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Subsistence fishermen appeal convictions

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By Rachel D'Oro
Associated Press
Published:
ANCHORAGE, Alaska -- Nearly half of the subsistence fishermen who were found guilty of illegal fishing on the Kuskokwim River are appealing their convictions.
Their attorney, James J. Davis Jr., filed a notice a notice of appeal, triggering a process that could last months before arguments are made.
Assistant Attorney General Laura Fox said 11 fishermen are appealing the convictions handed up in Bethel in May. The appeals were filed earlier this month.
The Yup'ik fishermen were cited last year during a poor king salmon run.
During their trials before a judge, about two dozen fishermen argued they have a spiritual right to fish for king salmon when restrictions are in place. The fishermen's defense was based on a free exercise clause of the Alaska Constitution.
Bruce Ward, an acting District Court judge, found the state's need to restrict kings supersedes the fishermen's religious rights.
In siding with the state, Ward said he looked at the case closely, reviewing a case decided by the Alaska Supreme Court in 1979. The case shows that the free exercise clause may work when religion is involved, the conduct is religiously based and the person is sincere. Ward said the fishermen met the first two requirements and addressed the sincerity question in individual trials.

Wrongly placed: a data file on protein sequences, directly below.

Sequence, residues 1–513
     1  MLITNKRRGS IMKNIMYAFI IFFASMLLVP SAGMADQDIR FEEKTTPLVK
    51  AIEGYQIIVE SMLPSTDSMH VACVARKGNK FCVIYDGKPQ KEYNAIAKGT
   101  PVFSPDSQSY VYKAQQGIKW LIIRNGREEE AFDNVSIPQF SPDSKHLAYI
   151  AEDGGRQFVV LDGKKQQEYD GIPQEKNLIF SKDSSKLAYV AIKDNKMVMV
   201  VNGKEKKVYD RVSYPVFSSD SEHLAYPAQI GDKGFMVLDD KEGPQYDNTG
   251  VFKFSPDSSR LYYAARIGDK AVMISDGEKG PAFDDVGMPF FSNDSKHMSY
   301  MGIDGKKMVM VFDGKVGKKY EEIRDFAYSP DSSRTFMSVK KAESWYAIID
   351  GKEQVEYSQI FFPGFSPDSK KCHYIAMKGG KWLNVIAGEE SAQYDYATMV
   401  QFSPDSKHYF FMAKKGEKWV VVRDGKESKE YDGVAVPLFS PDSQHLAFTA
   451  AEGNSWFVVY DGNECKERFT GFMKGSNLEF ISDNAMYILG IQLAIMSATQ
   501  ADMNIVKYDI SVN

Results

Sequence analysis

Ward, however, decided that there is a compelling need to restrict the Kuskokwim king run based on recent data.
Davis was camping in recent days and not reachable by phone. But he said earlier in an email the goal of the appeal is to "reverse the trial court and hold that there were other things the state could have done to protect subsistence."
Davis has said the state could press for action against the commercial Pollock trawlers that catch thousands of kings each year as bycatch off Alaska's coast. He also maintains the state can protect king runs and still allow Yup'ik fishermen a subsistence priority over non-Yup'ik residents, even for a short fishery limited to people with a spiritual connection to it.
In the convictions, Ward imposed $250 fines for all but one fisherman, who was fined $500. They fishermen also were placed on probation for one year.
Altogether, 60 fishermen from western Alaska originally faced misdemeanor charges of using restricted gear or fishing in closed sections of the Kuskokwim River during the king run last summer.
Most charges were later reduced to minor violations. Many of the fishermen pleaded guilty to the reduced counts and were ordered to pay $250 fines.

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